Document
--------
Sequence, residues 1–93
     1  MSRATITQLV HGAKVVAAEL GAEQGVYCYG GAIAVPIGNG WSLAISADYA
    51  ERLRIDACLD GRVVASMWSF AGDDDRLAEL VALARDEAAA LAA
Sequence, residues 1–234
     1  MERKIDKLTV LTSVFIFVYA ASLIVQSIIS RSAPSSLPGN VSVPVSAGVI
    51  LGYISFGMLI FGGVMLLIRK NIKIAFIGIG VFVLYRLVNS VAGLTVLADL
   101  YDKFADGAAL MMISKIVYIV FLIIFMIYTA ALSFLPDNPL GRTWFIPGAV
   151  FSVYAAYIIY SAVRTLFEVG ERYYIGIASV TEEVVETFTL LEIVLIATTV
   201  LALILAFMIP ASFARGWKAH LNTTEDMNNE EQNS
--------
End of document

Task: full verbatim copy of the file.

Sequence, residues 1–93
     1  MSRATITQLV HGAKVVAAEL GAEQGVYCYG GAIAVPIGNG WSLAISADYA
    51  ERLRIDACLD GRVVASMWSF AGDDDRLAEL VALARDEAAA LAA
Sequence, residues 1–234
     1  MERKIDKLTV LTSVFIFVYA ASLIVQSIIS RSAPSSLPGN VSVPVSAGVI
    51  LGYISFGMLI FGGVMLLIRK NIKIAFIGIG VFVLYRLVNS VAGLTVLADL
   101  YDKFADGAAL MMISKIVYIV FLIIFMIYTA ALSFLPDNPL GRTWFIPGAV
   151  FSVYAAYIIY SAVRTLFEVG ERYYIGIASV TEEVVETFTL LEIVLIATTV
   201  LALILAFMIP ASFARGWKAH LNTTEDMNNE EQNS